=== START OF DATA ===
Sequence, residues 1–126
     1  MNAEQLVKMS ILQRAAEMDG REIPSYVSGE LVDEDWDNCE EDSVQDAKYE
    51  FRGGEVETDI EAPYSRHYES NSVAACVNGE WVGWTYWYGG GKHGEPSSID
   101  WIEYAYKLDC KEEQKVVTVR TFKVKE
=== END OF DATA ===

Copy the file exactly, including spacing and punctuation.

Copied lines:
Sequence, residues 1–126
     1  MNAEQLVKMS ILQRAAEMDG REIPSYVSGE LVDEDWDNCE EDSVQDAKYE
    51  FRGGEVETDI EAPYSRHYES NSVAACVNGE WVGWTYWYGG GKHGEPSSID
   101  WIEYAYKLDC KEEQKVVTVR TFKVKE